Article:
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Increasing Food Price Triggers Inflation to 2-Year High

From Joy Okeke, Lagos

 The rising cost of food in the country has pushed the inflation rate, a two years high of 13.

7 per cent as prices of food rose by 16.67%  for the 13th consecutive months.

The National Bureau of Statistics (NBS) said this in its September report, released on Thursday, explaining that the food supply chain has been ensnaring terribly on all sides. 

Some of the factors that contributed to the spike in food prices include: the closure of the land borders since 2019 ensures that cheap food was barricaded out if the country.

Secondly, President Muhammadu Buhari’s order to the central bank to stop providing foreign exchange for food and fertilizer imports again cut short the inflow of cheap food.

Thirdly, the on-going raid by herders on farms also ensured that food became very scarce in the country.

The government had, however, said that the policies were geared towards self-food sufficiency, the immediate impact has left Nigerian with fixed salaries deflated while food prices continue to soar.

The spike in prices of food items, such as bread, cereals, potatoes, yam and other tubers, meat, fish, fruits and oils and fats, accounted most for the rise in inflation in September, the National Bureau of Statistics (NBS) said in its Consumer Price Index September 2020.

Daily Asset findings showed that a big basket of Oval-shaped tomatoes now sells for an average of N17, 000, indicating a 6.3 per cent rise in the price when compared to N16, 000 recorded in September. 

A big bag of Melon increased by 22.4 per cent, to sell for an average of N46, 500.

Also a carton of Turkey increased by 5.8 per cent to sell for an average of N18, 333, compared to an initial average of N17, 333 recorded in September 2020, and carton of full Chicken that was sold for an average of N14, 000 two weeks ago, now sells for an average of N14, 500, representing a 3.6 per cent increase in price.

A big bag of Bush mango seed, popularly known as “Ogbono” now sells for N100, 000 at Mile-12 market. 

A 5.3 per cent increase compared to N95, 000 reported earlier, while a big bag of dry Onions increased by 48 per cent to sell for an average of N55, 500, compared to an initial average of N37, 500.

Furthermore, a big bag of new Onions rose by 60.8 per cent selling at N41, 000 as against the N25, 500 it was initially sold for. 

A bag of Pepper increased by 9.7 per cent to sell for an average of N17, 000, while a medium-sized bag sells for an average of N9, 000 – a 38.5 per cent increase in price.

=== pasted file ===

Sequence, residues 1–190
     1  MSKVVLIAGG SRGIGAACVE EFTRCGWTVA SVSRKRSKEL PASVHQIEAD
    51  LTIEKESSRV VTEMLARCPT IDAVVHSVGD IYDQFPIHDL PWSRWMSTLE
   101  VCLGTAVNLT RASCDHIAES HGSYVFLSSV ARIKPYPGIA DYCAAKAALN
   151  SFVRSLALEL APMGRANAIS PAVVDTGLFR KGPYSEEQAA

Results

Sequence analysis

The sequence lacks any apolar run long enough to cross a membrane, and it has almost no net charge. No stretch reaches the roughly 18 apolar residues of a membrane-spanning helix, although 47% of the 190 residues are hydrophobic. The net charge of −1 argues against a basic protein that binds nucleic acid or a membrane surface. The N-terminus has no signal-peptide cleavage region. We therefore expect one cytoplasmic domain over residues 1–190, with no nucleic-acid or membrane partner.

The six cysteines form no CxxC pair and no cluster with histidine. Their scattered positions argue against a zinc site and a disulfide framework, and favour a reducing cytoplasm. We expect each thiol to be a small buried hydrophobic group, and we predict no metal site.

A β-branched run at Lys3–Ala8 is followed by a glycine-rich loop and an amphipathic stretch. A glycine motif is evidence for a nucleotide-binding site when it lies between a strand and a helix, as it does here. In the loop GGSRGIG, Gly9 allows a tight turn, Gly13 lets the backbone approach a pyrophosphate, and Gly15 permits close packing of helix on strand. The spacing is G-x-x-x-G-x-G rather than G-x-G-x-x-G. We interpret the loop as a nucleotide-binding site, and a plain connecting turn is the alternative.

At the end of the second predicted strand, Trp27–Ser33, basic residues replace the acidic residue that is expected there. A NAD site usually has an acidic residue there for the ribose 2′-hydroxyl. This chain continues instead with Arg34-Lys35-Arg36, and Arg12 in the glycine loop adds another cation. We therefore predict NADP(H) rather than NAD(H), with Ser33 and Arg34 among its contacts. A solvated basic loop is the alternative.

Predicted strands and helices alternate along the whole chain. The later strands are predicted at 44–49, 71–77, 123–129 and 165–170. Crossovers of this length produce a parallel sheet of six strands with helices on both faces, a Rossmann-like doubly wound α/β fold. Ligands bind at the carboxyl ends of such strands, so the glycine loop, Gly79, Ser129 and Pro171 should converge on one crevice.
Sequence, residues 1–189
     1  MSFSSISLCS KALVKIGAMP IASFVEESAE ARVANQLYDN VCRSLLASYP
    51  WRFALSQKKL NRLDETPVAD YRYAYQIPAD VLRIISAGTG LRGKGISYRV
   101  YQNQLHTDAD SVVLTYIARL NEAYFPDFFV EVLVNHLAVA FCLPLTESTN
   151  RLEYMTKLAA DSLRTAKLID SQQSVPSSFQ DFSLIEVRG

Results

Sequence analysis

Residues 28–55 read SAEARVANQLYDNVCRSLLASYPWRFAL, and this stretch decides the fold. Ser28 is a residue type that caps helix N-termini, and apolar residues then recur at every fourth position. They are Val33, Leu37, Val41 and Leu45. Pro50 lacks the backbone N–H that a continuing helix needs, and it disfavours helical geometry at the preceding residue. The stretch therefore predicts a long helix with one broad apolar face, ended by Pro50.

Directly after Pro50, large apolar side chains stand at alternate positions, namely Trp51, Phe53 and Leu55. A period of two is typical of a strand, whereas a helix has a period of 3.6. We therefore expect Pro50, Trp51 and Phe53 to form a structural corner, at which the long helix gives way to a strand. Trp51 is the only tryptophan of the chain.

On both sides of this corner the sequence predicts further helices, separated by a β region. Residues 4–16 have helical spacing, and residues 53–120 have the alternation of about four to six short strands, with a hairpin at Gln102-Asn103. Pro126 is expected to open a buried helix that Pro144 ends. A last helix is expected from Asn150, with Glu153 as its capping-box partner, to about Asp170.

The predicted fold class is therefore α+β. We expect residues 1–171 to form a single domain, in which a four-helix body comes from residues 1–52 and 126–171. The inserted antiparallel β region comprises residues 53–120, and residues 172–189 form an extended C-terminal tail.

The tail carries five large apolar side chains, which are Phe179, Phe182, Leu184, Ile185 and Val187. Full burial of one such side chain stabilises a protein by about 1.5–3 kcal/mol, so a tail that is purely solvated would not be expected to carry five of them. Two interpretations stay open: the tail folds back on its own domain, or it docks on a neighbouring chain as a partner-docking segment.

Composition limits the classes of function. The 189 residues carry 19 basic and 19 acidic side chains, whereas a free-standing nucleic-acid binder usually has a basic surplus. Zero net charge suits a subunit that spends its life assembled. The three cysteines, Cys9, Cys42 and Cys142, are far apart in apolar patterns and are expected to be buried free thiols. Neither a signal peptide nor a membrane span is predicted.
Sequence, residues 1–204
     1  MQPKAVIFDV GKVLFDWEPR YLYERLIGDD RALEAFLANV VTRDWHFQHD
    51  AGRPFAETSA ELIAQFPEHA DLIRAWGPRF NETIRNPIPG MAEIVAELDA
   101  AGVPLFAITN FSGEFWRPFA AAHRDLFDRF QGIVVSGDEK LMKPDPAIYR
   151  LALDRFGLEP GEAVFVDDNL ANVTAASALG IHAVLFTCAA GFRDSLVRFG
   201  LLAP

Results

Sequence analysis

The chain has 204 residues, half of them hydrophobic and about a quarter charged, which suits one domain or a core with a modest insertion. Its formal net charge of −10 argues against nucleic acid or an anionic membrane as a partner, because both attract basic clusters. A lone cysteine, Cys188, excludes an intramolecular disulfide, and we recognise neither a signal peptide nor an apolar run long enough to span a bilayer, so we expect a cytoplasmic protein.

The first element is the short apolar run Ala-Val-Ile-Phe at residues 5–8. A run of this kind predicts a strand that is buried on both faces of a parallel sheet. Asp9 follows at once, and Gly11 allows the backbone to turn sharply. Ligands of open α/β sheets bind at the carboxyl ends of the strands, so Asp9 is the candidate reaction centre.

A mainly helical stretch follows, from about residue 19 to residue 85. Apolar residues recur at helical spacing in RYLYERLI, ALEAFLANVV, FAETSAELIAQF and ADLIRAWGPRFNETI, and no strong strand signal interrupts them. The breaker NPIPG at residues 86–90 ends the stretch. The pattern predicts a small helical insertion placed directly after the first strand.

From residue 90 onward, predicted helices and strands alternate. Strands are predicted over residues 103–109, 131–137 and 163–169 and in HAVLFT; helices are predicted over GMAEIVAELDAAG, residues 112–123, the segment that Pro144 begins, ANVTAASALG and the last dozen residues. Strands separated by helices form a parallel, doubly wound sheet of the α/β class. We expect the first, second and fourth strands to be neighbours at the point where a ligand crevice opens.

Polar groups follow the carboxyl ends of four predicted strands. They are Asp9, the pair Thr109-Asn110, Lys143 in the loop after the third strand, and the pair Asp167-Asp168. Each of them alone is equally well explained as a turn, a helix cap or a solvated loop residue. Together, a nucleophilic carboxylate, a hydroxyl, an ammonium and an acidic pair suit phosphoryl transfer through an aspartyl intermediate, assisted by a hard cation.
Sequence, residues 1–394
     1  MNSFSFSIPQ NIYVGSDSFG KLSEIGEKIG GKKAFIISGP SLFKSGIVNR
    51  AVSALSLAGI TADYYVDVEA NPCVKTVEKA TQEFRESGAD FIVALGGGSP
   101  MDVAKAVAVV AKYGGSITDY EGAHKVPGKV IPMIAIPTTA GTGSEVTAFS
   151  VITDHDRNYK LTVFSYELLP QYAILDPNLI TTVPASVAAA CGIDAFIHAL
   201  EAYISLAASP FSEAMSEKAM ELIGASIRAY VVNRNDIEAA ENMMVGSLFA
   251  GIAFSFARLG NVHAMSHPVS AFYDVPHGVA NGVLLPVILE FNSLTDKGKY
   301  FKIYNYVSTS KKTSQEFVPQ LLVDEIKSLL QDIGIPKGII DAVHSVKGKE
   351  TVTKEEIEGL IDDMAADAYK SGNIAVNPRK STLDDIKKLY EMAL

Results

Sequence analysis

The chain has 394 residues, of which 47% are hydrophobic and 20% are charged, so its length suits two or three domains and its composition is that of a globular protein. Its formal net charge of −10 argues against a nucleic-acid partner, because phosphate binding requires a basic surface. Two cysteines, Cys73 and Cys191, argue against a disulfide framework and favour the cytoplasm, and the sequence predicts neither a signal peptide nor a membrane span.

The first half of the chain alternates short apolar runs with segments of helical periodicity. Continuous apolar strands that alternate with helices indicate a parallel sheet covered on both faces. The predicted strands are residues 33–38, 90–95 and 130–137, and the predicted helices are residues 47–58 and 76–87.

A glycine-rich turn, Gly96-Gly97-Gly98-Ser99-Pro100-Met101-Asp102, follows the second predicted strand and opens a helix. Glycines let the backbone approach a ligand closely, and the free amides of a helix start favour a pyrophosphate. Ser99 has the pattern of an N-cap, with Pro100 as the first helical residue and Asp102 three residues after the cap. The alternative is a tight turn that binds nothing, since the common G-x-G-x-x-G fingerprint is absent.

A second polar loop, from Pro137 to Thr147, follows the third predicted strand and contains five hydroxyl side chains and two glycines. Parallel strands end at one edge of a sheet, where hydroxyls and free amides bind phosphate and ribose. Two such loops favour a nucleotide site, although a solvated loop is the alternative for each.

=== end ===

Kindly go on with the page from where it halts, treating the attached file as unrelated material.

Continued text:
Also, a big basket of Sweet Potato now sells for an average of N13, 500, from an initial average of N14, 000 – a 3.6 per cent reduction in price, while the price of a big basket of Irish Potatoes reduced by 29.5 per cent to sell for an average of N21, 500, compared to N30, 500 recorded in September.

For rice, 50kg of Royal Stallion Rice still sells for an average of N30,333, Mama Gold (N29,750), Caprice (N29,667), and Mama’s Pride (N25,500). 

A big sized bag of Brown Beans still sells for an average of N33, 000.

Consumer prices rose 13.7 per cent from a year earlier, compared with 13.2 per cent in August, the National Bureau of Statistics said in a report published on its website on yesterday. 

Goldman Sachs Group Inc. expects Nigeria’s inflation to accelerate in coming months, peaking close to 18 per cent year-on-year in the second quarter of 2021. The main source of price pressure has been pass-through from the recent naira depreciation, analysts at the bank said in a research note.

The food index rose by 16.7 per cent from a year earlier, while costs increased 1.9 per cent in the month, the most since June 2017.

The International Monetary Fund expects Nigeria’s economy to shrink 4.3 per cent.

The central bank in September said inflation is likely to rise to up to 14.15 per cent at the end of December due to supply shocks as a result of the pandemic, which has curtailed economic activity and created disruptions.

Prices rose in September across the range of goods and services, rising more in cities than in rural areas, the statistics office said.

“The urban inflation rate increased by 14.31 per cent (year-on-year) in September 2020 from 13.83 per cent recorded in August 2020, while the rural inflation rate increased by 13.14 per cent in September 2020 from 12.65 per cent in August 2020,” its report said.

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